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To unleash the computational power of quantum computers in applications of practical interest, the error rates of quantum logic gates need to be further reduced. In superconducting quantum computers, leakage errors to non-computational states are currently one of the dominant sources of gate errors. In our new paper, we propose and demonstrate novel control pulse shapes that can reduce the leakage error of fast single-qubit gates by an order of magnitude. Overall, the new methods enable faster quantum gates with lower errors, thus enhancing the computational capabilities of superconducting quantum computers.

As a thought experiment, imagine you are writing a piece of code to simulate the trajectory of a rocket for your physics homework assignment. However, the results you get from the simulation seem suspicious since the outcome varies randomly between different runs of the code. What is more, the results become weirder with each new line of code you add until the output looks like noise.

You spend hours debugging your code but eventually you are convinced that there is nothing wrong. Finally, you start suspecting that there must instead be something wrong with your computer hardware since you observe a random computation error approximately once every 100 lines of code. What is going on here?

The above thought experiment may not be very realistic since current classical computer hardware is extremely reliable. However, the same cannot yet be said of current quantum computers. Quantum computers hold the potential to solve certain computational tasks, such as quantum simulation or integer factorization with an exponential speed-up compared to their classical counterparts.

To outperform classical computers in these tasks, a quantum computer must be able to execute long sequences of highly accurate elementary operations, including single- and two-qubit logic gates, qubit readout, and qubit reset. In state-of-the art superconducting quantum computers, there occur approximately 1-10 errors per every 10 000 single-qubit gates and 10-100 errors per every 10 000 two-qubit gates. These error rates have improved drastically over the years, but they still are too high to outperform classical computers in NISQ applications of practical relevance or to enable quantum error correction with a reasonable overhead in the number of physical qubits.

In our new paper, we present novel control methods for reducing the errors of elementary logic operations in superconducting quantum computers, thus enhancing the computational capabilities of present-day quantum computers. We focus on studying single-qubit gates and a specific type of error known as leakage. Leakage limits the speed of elementary logic operations and is particularly harmful for quantum error correction. More precisely, we propose novel control pulse shapes, FAST DRAG and HD DRAG, that enable us to reduce the leakage error of fast single-qubit gates by an order of magnitude compared with previous best methods—even for very short gate durations down to 6 ns.

**Trade-off between gate speed and error**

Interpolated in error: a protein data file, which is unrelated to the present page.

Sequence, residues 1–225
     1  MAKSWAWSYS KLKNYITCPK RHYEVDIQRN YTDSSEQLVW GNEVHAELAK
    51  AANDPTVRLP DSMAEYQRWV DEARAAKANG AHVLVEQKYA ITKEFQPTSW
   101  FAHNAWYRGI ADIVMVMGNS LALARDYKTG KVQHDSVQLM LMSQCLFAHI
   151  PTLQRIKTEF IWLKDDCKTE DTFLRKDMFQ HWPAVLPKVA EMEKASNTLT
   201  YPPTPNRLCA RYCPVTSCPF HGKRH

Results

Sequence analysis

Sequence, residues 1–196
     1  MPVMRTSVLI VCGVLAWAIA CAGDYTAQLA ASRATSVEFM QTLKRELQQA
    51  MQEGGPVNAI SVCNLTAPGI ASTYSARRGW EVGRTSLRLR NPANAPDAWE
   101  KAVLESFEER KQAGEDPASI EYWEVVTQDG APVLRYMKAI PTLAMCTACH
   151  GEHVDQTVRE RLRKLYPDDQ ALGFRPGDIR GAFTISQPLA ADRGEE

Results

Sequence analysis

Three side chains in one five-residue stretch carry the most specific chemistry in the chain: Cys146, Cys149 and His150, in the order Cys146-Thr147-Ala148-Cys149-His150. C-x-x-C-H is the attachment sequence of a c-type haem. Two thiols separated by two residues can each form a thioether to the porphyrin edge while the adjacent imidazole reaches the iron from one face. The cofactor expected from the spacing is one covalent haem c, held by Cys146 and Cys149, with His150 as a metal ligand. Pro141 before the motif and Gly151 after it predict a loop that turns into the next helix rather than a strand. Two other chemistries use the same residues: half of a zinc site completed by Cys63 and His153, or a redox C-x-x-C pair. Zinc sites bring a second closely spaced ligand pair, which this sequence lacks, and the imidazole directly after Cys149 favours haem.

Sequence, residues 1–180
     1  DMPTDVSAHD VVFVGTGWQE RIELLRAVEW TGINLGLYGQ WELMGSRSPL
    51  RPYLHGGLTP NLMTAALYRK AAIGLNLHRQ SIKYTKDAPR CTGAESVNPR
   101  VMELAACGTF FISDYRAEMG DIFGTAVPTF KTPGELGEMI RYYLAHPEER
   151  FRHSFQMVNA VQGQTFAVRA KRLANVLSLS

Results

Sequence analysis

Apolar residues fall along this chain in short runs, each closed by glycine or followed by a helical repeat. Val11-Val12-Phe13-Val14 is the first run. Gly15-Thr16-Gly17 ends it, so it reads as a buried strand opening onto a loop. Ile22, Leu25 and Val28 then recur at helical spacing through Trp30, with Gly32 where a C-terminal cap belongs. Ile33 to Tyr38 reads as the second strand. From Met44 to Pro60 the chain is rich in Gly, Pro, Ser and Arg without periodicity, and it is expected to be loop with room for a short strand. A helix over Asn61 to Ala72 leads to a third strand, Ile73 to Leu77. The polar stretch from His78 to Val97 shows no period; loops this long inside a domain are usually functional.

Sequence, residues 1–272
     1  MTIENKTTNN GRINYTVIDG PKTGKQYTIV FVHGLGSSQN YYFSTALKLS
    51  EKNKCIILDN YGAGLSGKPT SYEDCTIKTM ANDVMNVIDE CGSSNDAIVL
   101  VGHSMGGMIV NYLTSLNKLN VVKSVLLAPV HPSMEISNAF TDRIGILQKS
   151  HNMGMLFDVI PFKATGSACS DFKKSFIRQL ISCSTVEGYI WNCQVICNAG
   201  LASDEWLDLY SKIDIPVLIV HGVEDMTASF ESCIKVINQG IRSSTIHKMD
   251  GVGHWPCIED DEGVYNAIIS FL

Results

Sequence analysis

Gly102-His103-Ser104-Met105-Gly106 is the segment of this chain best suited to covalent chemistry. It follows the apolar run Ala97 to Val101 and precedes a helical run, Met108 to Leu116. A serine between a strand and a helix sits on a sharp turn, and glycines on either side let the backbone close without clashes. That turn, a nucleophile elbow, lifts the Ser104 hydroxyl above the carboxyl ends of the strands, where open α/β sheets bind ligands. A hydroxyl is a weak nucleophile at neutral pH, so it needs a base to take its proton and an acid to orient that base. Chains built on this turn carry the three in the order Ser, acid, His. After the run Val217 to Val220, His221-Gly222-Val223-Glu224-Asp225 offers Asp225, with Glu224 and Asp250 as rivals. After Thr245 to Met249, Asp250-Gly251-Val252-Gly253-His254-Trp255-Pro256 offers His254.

Most superconducting quantum computers use transmon qubits to store and process quantum information. A transmon qubit has many discrete energy levels but typically the two lowest-energy levels—denoted by 0 and 1—are used as the qubit states. The higher-excited states—labelled as 2, 3, and so forth—are regarded as non-computational states or leakage states. Single-qubit gates on a transmon qubit are realized with microwave control pulses that are on resonance with the 0-1 transition frequency. Importantly, transmon qubits suffer from a low anharmonicity, meaning that the frequency difference between the 1-2 and 0-1 transitions is only approximately 5%. Due to the low anharmonicity, a single-qubit control pulse targeting the 0-1 transition may accidentally end up exciting the transmon to the second-excited state, thus causing a leakage error.

To estimate the rate of leakage errors, we need to consider the frequency-domain representation of the control pulse, i.e., its Fourier transform and the corresponding spectral energy density. Critically, a high spectral energy density at the 1-2 transition frequency can activate the transition to the second-excited state leading to leakage errors. A basic result from Fourier analysis states that a short pulse in the time domain has a wide bandwidth in the frequency domain.

Thus, the spectral energy density at the 1-2 transition and the rate of leakage errors are increased if the duration of the single-qubit gate pulse is reduced. This phenomenon resembles the overclocking of a classical computer that leads to an increased error rate in the classical processing unit. In quantum computers, the increased leakage errors prevent the use of fast logic gates that would otherwise have several desirable properties, such as reduced sensitivity to decoherence and potential for faster quantum computations.

**Figure 1.** (a) Energy level diagram of a transmon qubit driven with a microwave control pulse. (b) Control pulse envelopes in the time domain and frequency domain. A short pulse (light red) in time domain has a wide bandwidth in the frequency domain. (c) Amplitude spectrum, i.e., absolute Fourier transform for conventional cosine DRAG pulses. A high value of the amplitude spectrum at the anharmonicity α/(2π) leads to an increased leakage error.

Importantly, the probability of leakage errors can be reduced by designing control pulses with a reduced spectral energy density around the 1-2 transition. To date, Derivative Removal by Adiabatic Gate (DRAG) has been the go-to solution for shaping single-qubit control pulses. A microwave control pulse has two independent components known as an in-phase (I) and a quadrature (Q) component. In a conventional DRAG pulse, a cosine envelope or a Gaussian envelope is often used as the in-phase component.